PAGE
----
Blackberry Wine

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Appears in

The Complete Book of Home Preserving

The Complete Book of Home Preserving

By Mary Norwak

Published 1978

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  • 3 lb/1.5 kg blackberries
  • lb/1.25 kg granulated sugar
  • 1 teaspoon pectic enzyme
  • 1 teaspoon nutrient salts
  • Yeast starter of Burgundy wine yeast
  • 6 lb/3 kg blackberries
  • 3 lb/1.5 kg sugar


First a light, dry table wine

Use only good quality, ripe berries. Wash them thoroughly, crush them in a bucket, and add 4 pints/2 litres water and a Campden tablet. Leave to stand overnight. Strain through a nylon sieve into a bucket in which the sugar has been placed, add another 4 pints/2 litres warm water, and stir until the sugar has dissolved. When lukewarm (about 75°F/24°C), add the pectic enzyme, yeast and nutrient salts. Cover closely and leave in a warm place (about 68°F/20°C) for 4–5 days. When the first vigorous ferment has subsided, stir, and transfer the must to a fermentation jar under airlock. If using a clear, white jar, cover it up in order to exclude the light. Rack after about 6-8 weeks, and a second time about 2 months later when the wine may be bottled.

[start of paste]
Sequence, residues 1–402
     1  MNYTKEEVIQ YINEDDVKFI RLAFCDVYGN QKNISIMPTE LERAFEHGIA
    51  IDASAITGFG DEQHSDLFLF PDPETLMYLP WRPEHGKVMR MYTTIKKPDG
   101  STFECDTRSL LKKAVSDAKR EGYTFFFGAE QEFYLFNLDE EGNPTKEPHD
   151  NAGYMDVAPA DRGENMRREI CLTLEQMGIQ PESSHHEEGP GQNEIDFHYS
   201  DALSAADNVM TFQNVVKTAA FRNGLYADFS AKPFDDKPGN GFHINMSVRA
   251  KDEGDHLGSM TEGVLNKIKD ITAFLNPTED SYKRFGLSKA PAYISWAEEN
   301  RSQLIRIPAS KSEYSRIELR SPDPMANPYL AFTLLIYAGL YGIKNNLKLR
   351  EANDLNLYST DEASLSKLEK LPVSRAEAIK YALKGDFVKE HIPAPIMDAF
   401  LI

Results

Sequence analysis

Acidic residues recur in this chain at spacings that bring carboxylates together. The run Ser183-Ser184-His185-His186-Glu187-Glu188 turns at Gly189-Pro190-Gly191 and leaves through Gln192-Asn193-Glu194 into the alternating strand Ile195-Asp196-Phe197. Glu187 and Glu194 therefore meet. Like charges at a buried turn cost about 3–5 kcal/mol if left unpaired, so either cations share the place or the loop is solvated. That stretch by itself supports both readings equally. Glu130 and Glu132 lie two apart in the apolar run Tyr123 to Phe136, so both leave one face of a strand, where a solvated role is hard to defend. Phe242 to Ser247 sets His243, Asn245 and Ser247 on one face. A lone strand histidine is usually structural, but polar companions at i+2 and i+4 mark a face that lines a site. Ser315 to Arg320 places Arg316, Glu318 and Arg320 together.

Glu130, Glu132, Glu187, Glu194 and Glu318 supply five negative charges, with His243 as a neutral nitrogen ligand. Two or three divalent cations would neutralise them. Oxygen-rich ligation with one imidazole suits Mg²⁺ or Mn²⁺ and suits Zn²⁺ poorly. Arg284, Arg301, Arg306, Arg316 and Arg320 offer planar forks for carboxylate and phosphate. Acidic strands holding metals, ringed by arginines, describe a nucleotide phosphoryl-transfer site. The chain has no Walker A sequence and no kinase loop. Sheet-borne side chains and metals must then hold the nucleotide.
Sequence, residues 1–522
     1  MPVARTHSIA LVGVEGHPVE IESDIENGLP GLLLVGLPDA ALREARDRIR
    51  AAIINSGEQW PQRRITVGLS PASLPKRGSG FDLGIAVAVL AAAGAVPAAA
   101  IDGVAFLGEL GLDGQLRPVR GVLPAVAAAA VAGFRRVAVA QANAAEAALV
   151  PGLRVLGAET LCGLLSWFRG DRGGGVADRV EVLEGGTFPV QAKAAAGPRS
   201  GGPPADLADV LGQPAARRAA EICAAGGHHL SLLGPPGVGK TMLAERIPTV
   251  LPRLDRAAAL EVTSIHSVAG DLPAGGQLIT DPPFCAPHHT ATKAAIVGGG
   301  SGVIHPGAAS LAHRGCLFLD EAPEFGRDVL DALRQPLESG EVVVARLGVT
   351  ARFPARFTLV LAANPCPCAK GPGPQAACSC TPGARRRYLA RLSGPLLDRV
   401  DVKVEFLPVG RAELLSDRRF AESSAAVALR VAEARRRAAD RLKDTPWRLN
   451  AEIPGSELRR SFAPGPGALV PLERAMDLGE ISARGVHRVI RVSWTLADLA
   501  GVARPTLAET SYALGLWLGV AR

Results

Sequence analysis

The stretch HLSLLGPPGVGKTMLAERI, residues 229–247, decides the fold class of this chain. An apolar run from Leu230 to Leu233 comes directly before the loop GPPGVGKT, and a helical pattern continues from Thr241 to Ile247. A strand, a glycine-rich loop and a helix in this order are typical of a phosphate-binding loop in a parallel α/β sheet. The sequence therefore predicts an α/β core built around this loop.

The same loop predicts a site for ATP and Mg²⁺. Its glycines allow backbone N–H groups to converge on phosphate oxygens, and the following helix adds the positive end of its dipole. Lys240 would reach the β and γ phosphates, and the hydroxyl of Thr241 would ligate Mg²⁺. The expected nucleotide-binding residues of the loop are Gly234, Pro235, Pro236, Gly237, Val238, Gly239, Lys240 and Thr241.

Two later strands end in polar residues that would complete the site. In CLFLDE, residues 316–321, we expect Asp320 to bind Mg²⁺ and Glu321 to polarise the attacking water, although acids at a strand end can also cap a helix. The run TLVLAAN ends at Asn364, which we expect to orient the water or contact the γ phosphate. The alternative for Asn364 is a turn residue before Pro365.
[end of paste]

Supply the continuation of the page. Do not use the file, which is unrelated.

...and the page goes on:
–and a full bodied, sweet wine
(this may be increased even further if required, by the addition of sugar in liquid form – maximum about 8oz/225g).
Instead of steeping the fruit overnight, steep for 2 days.

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